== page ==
Saudi Arabia to emerge stronger after oil rout? Not if demand plunge accelerates Peak Oil

Saudi Arabia increased budget spending sharply for many years until the oil bull run ended in 2014. This led to a steep rise in the country's fiscal break-even oil price.

Major Saudi Arabian daily Arab News front-paged a positive sounding story titled 'Kingdom will win oil price wars, experts say' on Thursday. At least one of the oil nations will 'emerge from the pandemic stronger, both economically and geopolitically,' and that's Saudi Arabia, it cites one of the experts as saying.

The basic premises are three. The first is that Saudi finances can weather the coronavirus storm, and the second is that the kingdom will eventually win higher revenues and a bigger share of the oil market when the crisis passes. The third argument is that while the high-cost American shale industry will take years to recover, Saudi can bounce back faster as it's a low cost producer.

"Oil is the only commodity where the lowest-cost producers have contained their production and allowed high-cost producers to benefit. When demand recovers this year or next, we will emerge from it with the lowest-cost producers having increased their market share," says Sir Mark Moody-Stuart, former chairman of Royal Dutch Shell.

King Salman bin Abdulaziz Al Saud of Saudi Arabia
King Salman bin Abdulaziz Al Saud of Saudi Arabia Wikimedia Commons

Supporting this line, Jason Bordoff, professor and founding director of the Center for Global Energy policy at New York's Columbia University, adds: "Depending on how long oil demand remains depressed, US oil production is projected to decline from its pre-coronavirus peak of around 13 million barrels per day."

However, there are significant other aspects according to many experts. The Jason Bordoff-Moody-Stuart line upholds, and explains, the Russia-Saudi Arabia oil price war that effectively targeted the US shale production. The bounce back theory is built on a steep revival in demand, which doesn't look like an imminent possibility. The coronavirus pandemic will take another two years to run its course and energy demand will likely remain muted during this time. It is to be seen if Riyadh can hold on to oil prices in the range of $30-40 for that long.

Coronavirus pandemic will hasten the arrival of Peak Oil

There are some analysts who believe that the coronavirus pandemic will bring about the arrival of peak oil faster than expected. Experts differ on the peak oil timeline -- some believe the oil prices demand will peak around 2040 and then start a steady decline, others think it can happen by 2035. The depth and breadth of the coronavirus contagion has forced analysts to think that peak oil can even arrive as early as 2030.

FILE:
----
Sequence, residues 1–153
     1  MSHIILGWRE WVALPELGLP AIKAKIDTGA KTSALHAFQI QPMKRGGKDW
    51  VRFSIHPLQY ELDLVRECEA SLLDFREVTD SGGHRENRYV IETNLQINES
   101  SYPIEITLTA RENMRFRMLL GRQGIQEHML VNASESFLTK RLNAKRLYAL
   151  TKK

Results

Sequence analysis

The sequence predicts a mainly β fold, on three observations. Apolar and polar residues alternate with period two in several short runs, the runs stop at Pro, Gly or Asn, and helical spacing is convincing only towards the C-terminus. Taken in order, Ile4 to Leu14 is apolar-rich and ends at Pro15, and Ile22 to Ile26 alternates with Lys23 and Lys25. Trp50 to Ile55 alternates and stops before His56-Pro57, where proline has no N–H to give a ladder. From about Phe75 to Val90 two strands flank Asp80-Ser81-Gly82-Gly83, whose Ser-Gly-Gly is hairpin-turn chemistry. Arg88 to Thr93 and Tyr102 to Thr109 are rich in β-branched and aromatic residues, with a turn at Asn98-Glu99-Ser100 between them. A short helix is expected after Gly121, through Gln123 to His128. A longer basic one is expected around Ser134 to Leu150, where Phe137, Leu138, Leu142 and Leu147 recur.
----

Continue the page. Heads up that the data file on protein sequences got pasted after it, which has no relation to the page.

If oil prices start declining in the next 10 years, Saudi Arabia will not have been prepared to deal with the serious consequences. An IMF report earlier this year laid down this prospect. This report was released in early February, before the coronavirus outbreak became a global contagion.

US shale oil future
A pump jack stands idle in Dewitt County, Texas January 13, 2016. U Reuters

According to this report, the oil nations in the Persian Gulf are poised to lose around $2 trillion in financial wealth within the next 15 years, when the oil demand nears peak levels. "Without decisive economic reforms, the richest Middle Eastern states could exhaust their net financial wealth by 2034 as the region becomes a net debtor, the fund projects. Within another decade, their total non-oil wealth would also be exhausted," the Economic Times reported, citing the IMF report.

Oil accounts for 42 percent of Saudi Arabia revenues

Saudi Arabia had increased budget spending steeply for many years until the oil bull run ended in 2014. This has led to a corresponding rise in the country's fiscal break-even oil price. The minimum oil price range that Saudi Arabia needs to balance its budget is pegged at $85 per barrel. By comparison, Russia's fiscal break-even petroleum price is $42.50 per barrel. In other metrics, while Russia's oil and gas sector contributes about 30 percent of the GDP, oil accounts for 42 percent of Saudi Arabia's GDP and constitutes nearly 85 percent of revenue.

If oil demand remains suppressed for longer, Saudi Arabia will face serious fiscal challenges. Hopes that a US shale oil collapse will give a much needed price bump-up may not work to the advantage of Saudi Arabia and Russia if the world energy demand moves south. Besides, a shale recovery cannot be ruled out either. Most marginal shale drillers will fold up in the aftermath of the coronavirus epidemic but some will push for technological breakthroughs that will help lower production costs.

Writing in the Wire, energy expert and author Dilip Hiro pointed out that in 2015 the US shale oil industry, under pressure from cheap Saudi oil, reduced its breakeven point from $65 to $46 a barrel. A further squeeze on this side can give shale a fighting chance.

"Companies go bankrupt, but rocks don't go bankrupt ... When this all shakes out, there will be other people to develop shale," says Daniel Yergin, the vice-chairman of IHS Markit Ltd, according to WorldOil.

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